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Taking humour and laughter seriously: Exploring the multi-disciplinary field of humour studies
Dr Jessica Milner Davis FRSN
Honorary Associate, University of Sydney

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From the time of Aristotle and Plato, philosophers have speculated about humour and laughter, proposing that ridere est humanum. But we now know that chimpanzees and rats also laugh. Sociologist Norbert Elias believed that laughter evolved as an antidote to aggression; but humour can also be damaging. This lecture explores the question of whether humour unites or divides the human race. Studies in neuroscience, psychology, linguistics, literature, performance, history, sociology, religion, health, and the emotions all now contribute to our understanding of the functions and consequences of humour. We honour its creators and practitioners, but we still can‘t define it.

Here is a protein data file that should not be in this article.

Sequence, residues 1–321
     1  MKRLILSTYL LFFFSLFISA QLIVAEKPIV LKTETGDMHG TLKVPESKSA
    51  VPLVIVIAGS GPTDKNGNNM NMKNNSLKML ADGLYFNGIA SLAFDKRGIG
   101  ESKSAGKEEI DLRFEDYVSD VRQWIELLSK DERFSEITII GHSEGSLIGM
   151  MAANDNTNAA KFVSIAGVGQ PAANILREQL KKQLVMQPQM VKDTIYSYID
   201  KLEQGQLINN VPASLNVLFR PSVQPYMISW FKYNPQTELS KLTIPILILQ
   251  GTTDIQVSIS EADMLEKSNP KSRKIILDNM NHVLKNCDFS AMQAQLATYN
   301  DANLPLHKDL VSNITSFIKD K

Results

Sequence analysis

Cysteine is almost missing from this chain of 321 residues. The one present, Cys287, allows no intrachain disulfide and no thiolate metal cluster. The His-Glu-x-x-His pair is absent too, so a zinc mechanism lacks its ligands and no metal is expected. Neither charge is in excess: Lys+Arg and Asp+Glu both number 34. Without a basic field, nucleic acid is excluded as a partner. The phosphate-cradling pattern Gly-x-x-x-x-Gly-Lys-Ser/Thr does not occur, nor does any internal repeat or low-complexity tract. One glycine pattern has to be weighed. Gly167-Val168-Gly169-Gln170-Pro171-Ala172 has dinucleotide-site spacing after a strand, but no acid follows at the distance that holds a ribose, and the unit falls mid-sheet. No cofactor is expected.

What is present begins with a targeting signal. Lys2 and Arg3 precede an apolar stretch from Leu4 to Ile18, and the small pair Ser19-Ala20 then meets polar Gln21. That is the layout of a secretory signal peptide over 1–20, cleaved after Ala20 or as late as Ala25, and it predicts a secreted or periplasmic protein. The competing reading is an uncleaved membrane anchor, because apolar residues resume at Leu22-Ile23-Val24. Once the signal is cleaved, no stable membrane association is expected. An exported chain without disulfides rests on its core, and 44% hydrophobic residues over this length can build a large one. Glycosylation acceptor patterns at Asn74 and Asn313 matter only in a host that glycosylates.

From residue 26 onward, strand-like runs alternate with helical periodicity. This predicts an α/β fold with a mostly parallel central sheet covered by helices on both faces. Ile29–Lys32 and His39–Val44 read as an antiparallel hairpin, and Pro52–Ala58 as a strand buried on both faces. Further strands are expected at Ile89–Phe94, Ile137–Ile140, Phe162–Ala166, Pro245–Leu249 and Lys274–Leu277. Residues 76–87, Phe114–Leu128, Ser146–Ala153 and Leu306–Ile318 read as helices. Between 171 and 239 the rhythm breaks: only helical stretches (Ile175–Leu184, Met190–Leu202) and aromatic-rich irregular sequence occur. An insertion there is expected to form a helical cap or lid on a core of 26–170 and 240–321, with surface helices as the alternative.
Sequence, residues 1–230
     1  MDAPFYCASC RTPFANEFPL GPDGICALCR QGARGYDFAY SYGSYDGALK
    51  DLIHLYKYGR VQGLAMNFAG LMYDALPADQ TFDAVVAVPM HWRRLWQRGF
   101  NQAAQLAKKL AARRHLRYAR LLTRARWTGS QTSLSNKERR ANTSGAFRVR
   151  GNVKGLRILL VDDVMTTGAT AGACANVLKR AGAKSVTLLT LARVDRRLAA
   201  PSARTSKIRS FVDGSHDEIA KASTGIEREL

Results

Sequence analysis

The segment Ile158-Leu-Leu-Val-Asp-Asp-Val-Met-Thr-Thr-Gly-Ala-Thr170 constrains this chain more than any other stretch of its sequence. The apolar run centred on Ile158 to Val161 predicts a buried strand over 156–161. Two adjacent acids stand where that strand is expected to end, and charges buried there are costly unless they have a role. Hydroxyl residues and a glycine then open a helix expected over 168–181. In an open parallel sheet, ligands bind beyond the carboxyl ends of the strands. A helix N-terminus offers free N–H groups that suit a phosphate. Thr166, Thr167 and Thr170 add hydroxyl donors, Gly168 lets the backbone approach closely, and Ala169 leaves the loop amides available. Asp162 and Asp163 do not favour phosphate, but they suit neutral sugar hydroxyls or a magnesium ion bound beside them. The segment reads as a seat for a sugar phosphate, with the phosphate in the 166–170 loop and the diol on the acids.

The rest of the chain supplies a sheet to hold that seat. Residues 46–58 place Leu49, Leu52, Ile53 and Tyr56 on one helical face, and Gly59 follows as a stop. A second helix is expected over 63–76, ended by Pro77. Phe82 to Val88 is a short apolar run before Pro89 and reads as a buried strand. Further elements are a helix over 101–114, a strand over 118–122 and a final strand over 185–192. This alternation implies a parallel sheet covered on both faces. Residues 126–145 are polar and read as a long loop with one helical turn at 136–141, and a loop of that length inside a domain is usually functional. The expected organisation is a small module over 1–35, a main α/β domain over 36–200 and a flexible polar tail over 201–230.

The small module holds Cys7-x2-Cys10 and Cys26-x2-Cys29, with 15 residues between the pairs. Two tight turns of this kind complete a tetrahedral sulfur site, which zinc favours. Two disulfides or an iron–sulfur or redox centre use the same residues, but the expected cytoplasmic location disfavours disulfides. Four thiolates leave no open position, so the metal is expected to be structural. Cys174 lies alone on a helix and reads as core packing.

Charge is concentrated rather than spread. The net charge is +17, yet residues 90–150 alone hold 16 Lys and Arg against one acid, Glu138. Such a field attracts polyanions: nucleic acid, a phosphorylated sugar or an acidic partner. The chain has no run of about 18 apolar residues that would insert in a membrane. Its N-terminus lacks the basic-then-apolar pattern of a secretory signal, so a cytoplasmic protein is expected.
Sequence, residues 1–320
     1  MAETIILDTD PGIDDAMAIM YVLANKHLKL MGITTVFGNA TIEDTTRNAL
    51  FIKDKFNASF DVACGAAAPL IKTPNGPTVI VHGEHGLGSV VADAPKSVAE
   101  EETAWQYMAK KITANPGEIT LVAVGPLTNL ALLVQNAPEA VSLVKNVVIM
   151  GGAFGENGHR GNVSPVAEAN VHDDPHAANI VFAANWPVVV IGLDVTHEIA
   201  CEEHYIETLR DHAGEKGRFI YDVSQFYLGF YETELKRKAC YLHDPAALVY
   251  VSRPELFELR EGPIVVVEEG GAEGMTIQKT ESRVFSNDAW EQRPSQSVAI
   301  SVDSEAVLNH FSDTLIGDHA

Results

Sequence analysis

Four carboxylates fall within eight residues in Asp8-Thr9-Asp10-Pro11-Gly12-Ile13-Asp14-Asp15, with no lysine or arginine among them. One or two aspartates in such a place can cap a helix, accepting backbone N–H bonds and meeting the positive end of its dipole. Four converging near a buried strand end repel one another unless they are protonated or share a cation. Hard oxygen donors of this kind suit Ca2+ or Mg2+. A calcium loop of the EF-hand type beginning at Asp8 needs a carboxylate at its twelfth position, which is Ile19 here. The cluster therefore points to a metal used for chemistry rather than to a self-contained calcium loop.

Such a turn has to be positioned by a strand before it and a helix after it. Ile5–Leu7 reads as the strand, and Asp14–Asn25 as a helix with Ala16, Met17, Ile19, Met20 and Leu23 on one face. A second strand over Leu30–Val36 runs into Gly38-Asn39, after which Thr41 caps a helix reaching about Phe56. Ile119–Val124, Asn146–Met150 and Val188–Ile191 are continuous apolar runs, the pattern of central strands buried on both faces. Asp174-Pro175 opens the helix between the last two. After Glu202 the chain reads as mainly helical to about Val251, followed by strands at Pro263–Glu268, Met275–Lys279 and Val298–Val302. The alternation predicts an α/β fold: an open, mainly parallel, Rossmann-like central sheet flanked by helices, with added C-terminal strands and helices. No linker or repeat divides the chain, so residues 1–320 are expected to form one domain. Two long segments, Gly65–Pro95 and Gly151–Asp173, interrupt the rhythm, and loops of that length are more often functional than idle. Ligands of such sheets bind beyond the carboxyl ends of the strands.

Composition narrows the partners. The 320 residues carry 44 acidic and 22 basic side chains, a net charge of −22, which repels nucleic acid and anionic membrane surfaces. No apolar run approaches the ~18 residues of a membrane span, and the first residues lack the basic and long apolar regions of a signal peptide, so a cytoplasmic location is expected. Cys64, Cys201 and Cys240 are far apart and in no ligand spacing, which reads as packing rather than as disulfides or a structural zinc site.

Jessica Milner Davis PhD FRSN is a research associate at the University of Sydney and at Brunel University London’s Centre for Comedy Studies Research. A life member of Clare Hall, Cambridge, she has held fellowships and lectured at the Universities of Cambridge, Bologna, Bristol, and NSW, as well as Stanford, Hofstra, and the Jagellonian University. . A past president of the International Society for Humor Studies (ISHS), she founded and continues to co-ordinate the Australasian Humour Studies Network (AHSN: https://ahsnhumourstudies.org/). In 2018 she received the ISHS Lifetime Achievement Award for her interdisciplinary research and publications on humour, comedy, and laughter.

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